I actually know what this one is about because Ogre told the audience when I saw him perform this one live, lol. It's another big favorite on the album, it's catchy and at times genuinely very beautiful and sad sounding too, and just overall I find it really fun. It's probably Ogre's most melodic singing on the album. Anyway, Ogre said that this song is specifically about cocaine, which is understandable, because Ogre struggled hugely with addiction and abuse for years, to the point that it nearly killed him. The song itself seems to speak largely in the point of view of cocaine, and seems like a song between Ogre and his own past drug addiction, and a battle not to relapse, basically. "I've dealt with billions / Of your resilience / Come on and let me out!" ... "I spent your millions / Taking the chill on / Come on and let me shout!"

Smogharp
Between you and me, Ogre opened with this song when I saw him live in September, and I straight up had to hold back tears. This is the final turning point of the album, from the more upbeat (still dark, but melodic and fun in tune) Timebomb to something much more dark and surreal, while still being very beautiful, but in a more... alien way. I love the synth in this one. This song feels very much like the musical version of tumbling far down into darkness, a very grim acceptance of a dark reality. The lyrics here are just horribly sad and defeated- "So blind, so dimmed, forever," "Something's not quite right," "Nothing lasts forever,", and it ends with the repetition of a very somber single chime of a low, haunting bell. God.
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I know my username says Queen but I’m a guy I’m just gay : (
Edited 2 times - Last edited at 11:33:30 14/12/2018 by Queen_Cynder
Queen_Cynder Yellow Sparx Gems: 1694
#42 Posted: 11:15:10 14/12/2018
Witness
The last song, and also the absolute saddest one on the entire album. It brings everything together in the most devastating way possible. I've actually written, like, entire essays exploring this song before, but I'll try to be briefer than that. The song is fundamentally a cry for help. The chorus makes that clear- "Can I get a witness to be on my side? / Accusers, you should all just die. / I need to stick some things inside / to crucify my mind." At the end of the entire album, this whole complex exploration of the human mind and trying to come to terms with reality, the listener seeking some form of hope or a happy ending is instead given the bleakest, most hopeless display of admitted weakness and defeat imaginable. The song feels like a punch in the gut, you come to the very end of this entire journey, after all of these turbulent emotions and ups and downs and various thoughts and feelings and discoveries about life, and the final thought is this lonely cry simply for some form of acknowledgement and understanding or someone who has seen what you’ve seen about the world and will agree or stand by you. On top of that you have that repeated refrain of “You gotta make your money and die” going on in the second half, like that’s the final conclusion that’s been reached at the very end of it all. And at the very end, you're brought right back to where you started: Bill Moseley's spoken word from the very first song, which cut off rather abruptly, fades back in here, and the album ends with the last few lines of poetry in a perfect bookend. Except, you don't actually hear the end of the poem. Even after all that time, that entire journey, not even the poem is able to find its ending. Instead, the song, and, by extension, the entire album, cuts off mid WORD. And just like that, you're left in silence.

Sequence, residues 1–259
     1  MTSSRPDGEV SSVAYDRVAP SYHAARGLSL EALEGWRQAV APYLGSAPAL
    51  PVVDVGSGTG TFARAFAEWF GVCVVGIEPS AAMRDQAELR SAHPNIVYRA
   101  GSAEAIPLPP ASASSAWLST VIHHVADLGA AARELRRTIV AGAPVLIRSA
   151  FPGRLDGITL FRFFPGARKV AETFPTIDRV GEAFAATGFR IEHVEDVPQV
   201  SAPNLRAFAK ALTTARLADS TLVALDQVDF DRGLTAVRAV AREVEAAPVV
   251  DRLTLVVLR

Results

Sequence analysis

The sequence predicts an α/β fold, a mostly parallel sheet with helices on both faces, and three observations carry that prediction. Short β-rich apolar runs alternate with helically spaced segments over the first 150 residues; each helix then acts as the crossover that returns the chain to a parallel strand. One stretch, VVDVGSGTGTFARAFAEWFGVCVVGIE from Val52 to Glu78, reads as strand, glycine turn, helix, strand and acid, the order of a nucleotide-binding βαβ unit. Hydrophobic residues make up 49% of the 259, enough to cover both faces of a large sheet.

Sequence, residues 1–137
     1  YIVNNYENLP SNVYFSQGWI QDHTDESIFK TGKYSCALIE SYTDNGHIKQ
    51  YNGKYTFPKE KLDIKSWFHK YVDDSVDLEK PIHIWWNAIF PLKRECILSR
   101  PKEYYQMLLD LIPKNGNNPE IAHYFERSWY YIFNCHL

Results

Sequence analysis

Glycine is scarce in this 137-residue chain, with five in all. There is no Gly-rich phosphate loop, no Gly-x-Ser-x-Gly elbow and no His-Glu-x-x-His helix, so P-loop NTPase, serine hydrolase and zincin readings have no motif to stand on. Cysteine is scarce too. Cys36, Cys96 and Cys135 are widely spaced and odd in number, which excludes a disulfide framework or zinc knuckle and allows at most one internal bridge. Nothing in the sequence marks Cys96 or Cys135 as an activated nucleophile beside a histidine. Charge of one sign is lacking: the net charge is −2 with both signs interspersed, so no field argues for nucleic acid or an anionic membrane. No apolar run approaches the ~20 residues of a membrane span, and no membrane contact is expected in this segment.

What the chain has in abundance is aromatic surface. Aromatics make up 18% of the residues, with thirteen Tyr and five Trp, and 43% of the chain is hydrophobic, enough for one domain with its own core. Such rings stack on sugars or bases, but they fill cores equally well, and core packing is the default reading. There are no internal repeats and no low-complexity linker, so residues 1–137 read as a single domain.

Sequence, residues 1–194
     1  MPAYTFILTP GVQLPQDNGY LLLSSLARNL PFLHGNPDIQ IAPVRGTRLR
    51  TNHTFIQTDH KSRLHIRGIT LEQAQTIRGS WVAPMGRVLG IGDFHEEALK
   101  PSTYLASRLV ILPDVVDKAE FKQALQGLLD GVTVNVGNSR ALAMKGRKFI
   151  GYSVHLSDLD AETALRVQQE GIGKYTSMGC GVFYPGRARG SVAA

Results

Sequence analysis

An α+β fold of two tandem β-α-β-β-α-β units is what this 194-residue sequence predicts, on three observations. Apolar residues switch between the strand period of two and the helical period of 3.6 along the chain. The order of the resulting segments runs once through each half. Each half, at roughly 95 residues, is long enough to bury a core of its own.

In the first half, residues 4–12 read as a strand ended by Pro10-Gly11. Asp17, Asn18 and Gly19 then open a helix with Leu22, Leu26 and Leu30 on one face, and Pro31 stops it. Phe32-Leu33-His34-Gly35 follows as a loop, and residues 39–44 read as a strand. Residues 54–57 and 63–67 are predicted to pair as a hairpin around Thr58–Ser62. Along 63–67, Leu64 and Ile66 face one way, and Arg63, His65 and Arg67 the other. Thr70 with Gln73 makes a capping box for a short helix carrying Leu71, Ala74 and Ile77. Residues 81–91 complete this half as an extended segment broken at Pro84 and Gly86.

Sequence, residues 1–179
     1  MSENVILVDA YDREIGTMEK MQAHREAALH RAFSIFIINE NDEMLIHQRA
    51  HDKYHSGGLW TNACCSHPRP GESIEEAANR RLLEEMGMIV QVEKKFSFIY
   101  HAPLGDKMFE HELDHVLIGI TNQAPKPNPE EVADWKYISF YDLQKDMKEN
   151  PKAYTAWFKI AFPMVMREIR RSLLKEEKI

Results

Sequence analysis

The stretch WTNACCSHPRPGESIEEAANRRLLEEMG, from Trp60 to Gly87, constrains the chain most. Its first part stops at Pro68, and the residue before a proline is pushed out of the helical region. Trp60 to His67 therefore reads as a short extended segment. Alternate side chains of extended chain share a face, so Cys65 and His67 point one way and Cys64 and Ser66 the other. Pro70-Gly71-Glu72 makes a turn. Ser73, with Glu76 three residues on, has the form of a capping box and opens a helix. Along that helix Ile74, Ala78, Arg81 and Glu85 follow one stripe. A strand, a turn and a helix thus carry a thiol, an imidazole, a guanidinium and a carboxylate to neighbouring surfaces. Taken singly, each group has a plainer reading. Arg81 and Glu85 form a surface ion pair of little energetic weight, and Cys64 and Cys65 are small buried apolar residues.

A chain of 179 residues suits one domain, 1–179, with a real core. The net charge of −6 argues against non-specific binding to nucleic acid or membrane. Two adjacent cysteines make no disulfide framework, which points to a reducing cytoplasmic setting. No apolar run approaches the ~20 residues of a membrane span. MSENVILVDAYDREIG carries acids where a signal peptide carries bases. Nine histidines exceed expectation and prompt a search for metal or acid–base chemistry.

It's a beautiful album. Ogre calls it one of his darkest works he ever put out, and I stand by it as my favorite album of all time. Sorry for the long as hell post, but hey, this is a music review thread, right? Sooo.... you get this. If you read it all you're a freaking hero.

And finally, the official ohGr YouTube actually posted the whole album, so if you wanna check it out while even supporting the band, it's right here!
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I know my username says Queen but I’m a guy I’m just gay : (
Edited 1 time - Last edited at 18:54:20 14/12/2018 by Queen_Cynder
Doggo144 Green Sparx Gems: 474
#43 Posted: 12:07:37 23/12/2018
Hey, I thought I would dump some stuff in here.

Rollinem7s - N.E.R.D.

This song is so ****ing good holy hell. One of the ideas for this record was that Pharell Williams was tired of being popular, so he wanted to make songs that had no structure. Certain songs on the record show this, like ESP, or Secret Life Of Tigers, but none of them are as spineless, as Rollinem7s.

This song is a marvel. There are lyrics but no lead. Theres no melody. This song is 2 songs at once. It starts with a sample from some random YT video, with some dude saying "Mad ethnic right now.". Then it just gets straight into it. Theres an unknown sample of some man yelping that goes throughout the whole track, theres some EXTREMELY heavy and bassy tones that loop in the background, all lead on by a sort of marching band drum. Then some voices join in, with this droning, repetitive, monotoned, "Every time I turn around I'm rollin' them 7s, roll around the world like I do with my brethren, all the pretty girls wanna be my heaven, every time I turn around I'm rollin' them 7's, roll around the-" Its great. Theres also some other vocals I can't really understand. Theres also the "lead" I guess, who comes in every know and then, stopping the entire song, with some sort of uprising sounding lyrics. After a while the song abruptly cuts into something new. Here, its the same deal, but with actual consistent leads, but its very hard to make it out. And then it switches AGAIN back into the old part. And then Andre 3000. Then it ends.

What.
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"soy" Jesse "did litterally nothing wrong" cox 1916